The Devil in the Details
Michael Massing’s attempt to explain the enigma of American evangelical support for Donald Trump [“How Martin Luther Paved the Way for Donald Trump,” May 14] appears to be a straightforward case: Martin Luther’s reform efforts were in fact a faux-populist desire to make Christianity great again, a desire unconsciously transmitted to evangelicals through their indebtedness to Luther’s theology and inflamed now by Trump. In Luther, Massing finds the missing link connecting Trump’s personality to theologies that for him define American evangelicals. Thus, by believing as Luther believed, American evangelicals unwittingly became expectant watchers for a leader like Luther, found in Trump.
Luther would wholeheartedly agree with Massing’s view that our beliefs have unintended consequences. False doctrine, however abstract, if sincerely believed could result in something as tangible as the mass exploitation of people. Or so Luther argued in his epochal work, the 95 theses. There Luther questioned the power afforded indulgences, which for him had supplanted the Gospel, the better to fleece the laity. Luther challenged why the pope sold indulgences rather than dispense them freely, and why he built St. Peter’s Basilica “with the skin, flesh, and bones of his sheep” rather than his own money. The threats of excommunication that followed did not dissuade Luther, for concerns about his own well-being rarely entered his consideration. Most know his famous stand at Worms, but few recall his subtler braveries, such as leaving hiding to calm a riot by preaching patience for those we disagree with, or housing a bitter enemy in his hour of need.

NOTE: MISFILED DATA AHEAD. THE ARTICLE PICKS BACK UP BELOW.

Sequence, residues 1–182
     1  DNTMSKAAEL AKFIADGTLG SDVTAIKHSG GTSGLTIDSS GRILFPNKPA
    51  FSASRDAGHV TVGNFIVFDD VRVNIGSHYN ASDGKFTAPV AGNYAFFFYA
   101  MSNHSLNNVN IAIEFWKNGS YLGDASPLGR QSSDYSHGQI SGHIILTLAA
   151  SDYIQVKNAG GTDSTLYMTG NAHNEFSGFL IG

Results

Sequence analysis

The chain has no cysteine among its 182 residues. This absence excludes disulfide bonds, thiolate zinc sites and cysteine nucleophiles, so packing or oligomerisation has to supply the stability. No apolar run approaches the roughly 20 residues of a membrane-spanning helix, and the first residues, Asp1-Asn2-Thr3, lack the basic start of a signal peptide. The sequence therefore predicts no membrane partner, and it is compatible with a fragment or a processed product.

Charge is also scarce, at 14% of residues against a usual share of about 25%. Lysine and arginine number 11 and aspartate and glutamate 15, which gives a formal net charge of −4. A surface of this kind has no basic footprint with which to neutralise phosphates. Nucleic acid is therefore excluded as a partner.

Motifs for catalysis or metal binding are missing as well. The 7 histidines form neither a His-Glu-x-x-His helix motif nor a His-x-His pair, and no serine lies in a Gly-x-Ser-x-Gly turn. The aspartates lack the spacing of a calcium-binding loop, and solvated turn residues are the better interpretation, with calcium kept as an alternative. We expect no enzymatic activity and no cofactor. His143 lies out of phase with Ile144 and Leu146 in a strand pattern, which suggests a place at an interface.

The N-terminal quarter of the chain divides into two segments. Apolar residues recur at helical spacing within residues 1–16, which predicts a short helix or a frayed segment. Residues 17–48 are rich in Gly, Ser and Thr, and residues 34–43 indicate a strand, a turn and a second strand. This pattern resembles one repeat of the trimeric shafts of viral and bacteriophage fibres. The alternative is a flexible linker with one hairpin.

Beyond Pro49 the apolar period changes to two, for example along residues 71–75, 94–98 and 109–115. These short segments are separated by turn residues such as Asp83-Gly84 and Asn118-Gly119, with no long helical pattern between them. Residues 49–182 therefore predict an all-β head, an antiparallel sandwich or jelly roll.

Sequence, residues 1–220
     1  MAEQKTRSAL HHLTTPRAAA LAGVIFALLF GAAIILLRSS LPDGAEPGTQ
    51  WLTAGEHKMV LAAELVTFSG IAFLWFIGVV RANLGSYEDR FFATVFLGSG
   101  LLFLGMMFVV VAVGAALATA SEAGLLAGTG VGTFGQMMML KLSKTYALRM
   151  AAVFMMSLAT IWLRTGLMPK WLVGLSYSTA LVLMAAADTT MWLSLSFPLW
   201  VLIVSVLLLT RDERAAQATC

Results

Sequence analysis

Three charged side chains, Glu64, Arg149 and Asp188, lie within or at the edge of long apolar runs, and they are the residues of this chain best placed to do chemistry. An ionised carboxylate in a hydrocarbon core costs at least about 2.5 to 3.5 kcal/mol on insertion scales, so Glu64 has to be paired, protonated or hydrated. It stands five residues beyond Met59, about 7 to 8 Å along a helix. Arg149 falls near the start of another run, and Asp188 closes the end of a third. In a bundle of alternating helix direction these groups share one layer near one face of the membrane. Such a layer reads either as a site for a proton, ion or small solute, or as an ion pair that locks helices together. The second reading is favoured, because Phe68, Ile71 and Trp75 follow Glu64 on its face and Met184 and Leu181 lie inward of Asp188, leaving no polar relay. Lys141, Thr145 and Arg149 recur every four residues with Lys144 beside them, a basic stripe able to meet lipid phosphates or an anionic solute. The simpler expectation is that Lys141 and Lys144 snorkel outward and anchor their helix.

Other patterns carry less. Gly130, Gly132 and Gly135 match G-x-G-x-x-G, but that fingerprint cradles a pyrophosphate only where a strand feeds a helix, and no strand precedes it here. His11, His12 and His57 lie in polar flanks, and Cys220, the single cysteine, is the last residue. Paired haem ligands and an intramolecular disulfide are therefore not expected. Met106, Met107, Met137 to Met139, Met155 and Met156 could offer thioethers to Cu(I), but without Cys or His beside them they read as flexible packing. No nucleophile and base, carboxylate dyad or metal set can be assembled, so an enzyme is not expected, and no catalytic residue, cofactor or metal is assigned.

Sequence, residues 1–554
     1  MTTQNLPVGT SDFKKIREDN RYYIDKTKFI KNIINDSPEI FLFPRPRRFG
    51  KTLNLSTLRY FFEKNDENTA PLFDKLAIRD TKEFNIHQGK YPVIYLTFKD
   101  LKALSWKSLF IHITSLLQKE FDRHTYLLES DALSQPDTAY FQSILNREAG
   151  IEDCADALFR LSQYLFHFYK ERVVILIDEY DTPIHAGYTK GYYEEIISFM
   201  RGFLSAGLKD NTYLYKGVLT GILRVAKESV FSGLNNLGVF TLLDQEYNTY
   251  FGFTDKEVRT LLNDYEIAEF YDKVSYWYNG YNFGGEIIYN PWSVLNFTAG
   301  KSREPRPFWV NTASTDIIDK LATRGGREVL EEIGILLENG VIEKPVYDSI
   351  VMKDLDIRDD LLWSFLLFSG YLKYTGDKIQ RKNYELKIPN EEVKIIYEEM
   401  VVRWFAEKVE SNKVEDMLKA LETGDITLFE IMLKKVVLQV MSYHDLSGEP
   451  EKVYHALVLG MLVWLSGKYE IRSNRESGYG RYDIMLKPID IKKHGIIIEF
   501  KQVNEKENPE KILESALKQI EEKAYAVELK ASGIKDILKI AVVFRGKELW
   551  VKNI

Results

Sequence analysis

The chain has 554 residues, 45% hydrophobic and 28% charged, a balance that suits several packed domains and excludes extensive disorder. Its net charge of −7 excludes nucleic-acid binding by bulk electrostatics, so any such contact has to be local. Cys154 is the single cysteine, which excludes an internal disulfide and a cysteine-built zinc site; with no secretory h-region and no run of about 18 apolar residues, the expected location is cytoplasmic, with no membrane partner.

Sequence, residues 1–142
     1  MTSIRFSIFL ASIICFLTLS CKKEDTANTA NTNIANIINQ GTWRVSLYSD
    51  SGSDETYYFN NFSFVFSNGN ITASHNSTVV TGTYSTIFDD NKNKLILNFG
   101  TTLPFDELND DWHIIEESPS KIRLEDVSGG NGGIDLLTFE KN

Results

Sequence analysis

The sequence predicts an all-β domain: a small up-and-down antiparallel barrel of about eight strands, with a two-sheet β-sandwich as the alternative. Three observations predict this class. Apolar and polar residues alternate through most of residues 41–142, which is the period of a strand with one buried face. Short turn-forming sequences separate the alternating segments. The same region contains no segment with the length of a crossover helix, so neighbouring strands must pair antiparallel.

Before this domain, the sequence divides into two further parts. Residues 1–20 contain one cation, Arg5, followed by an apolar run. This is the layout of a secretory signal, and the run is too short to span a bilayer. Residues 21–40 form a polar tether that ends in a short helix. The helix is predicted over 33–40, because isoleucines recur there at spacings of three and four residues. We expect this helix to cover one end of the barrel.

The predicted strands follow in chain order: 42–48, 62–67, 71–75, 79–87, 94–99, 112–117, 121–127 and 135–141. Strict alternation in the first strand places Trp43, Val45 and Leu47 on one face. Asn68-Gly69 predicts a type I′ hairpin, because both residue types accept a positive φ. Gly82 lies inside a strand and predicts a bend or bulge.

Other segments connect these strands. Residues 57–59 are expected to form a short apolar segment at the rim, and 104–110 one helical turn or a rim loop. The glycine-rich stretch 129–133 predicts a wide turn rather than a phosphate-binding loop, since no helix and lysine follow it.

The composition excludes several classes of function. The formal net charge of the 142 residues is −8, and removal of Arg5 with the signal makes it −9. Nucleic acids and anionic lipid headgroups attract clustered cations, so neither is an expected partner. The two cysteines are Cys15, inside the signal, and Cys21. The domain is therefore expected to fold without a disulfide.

If the above does not sound like Trump, it is because historical figures are rarely as simple as our need for caricatures to service easy explanations. And Massing’s Luther is a simple one, stripped of his complexity and world to help make sense of our own. Many works already published can correct Massing’s factual and interpretive errors; here, let’s consider some of his omissions. To arrive at his simple Luther, Massing ignores how commonplace crass rhetoric was in Luther’s time. He dismisses Luther’s most popular writings in favor of obscure works, some virtually unknown until the 20th century. He appears unaware of Luther’s foundational “theology of the cross” and insistence upon suffering for the neighbor in love. Lost is Luther’s criticism of those like Trump, whom he called theologians of glory for preferring “works to suffering, glory to the cross, strength to weakness,” being blinded by hate and self-love.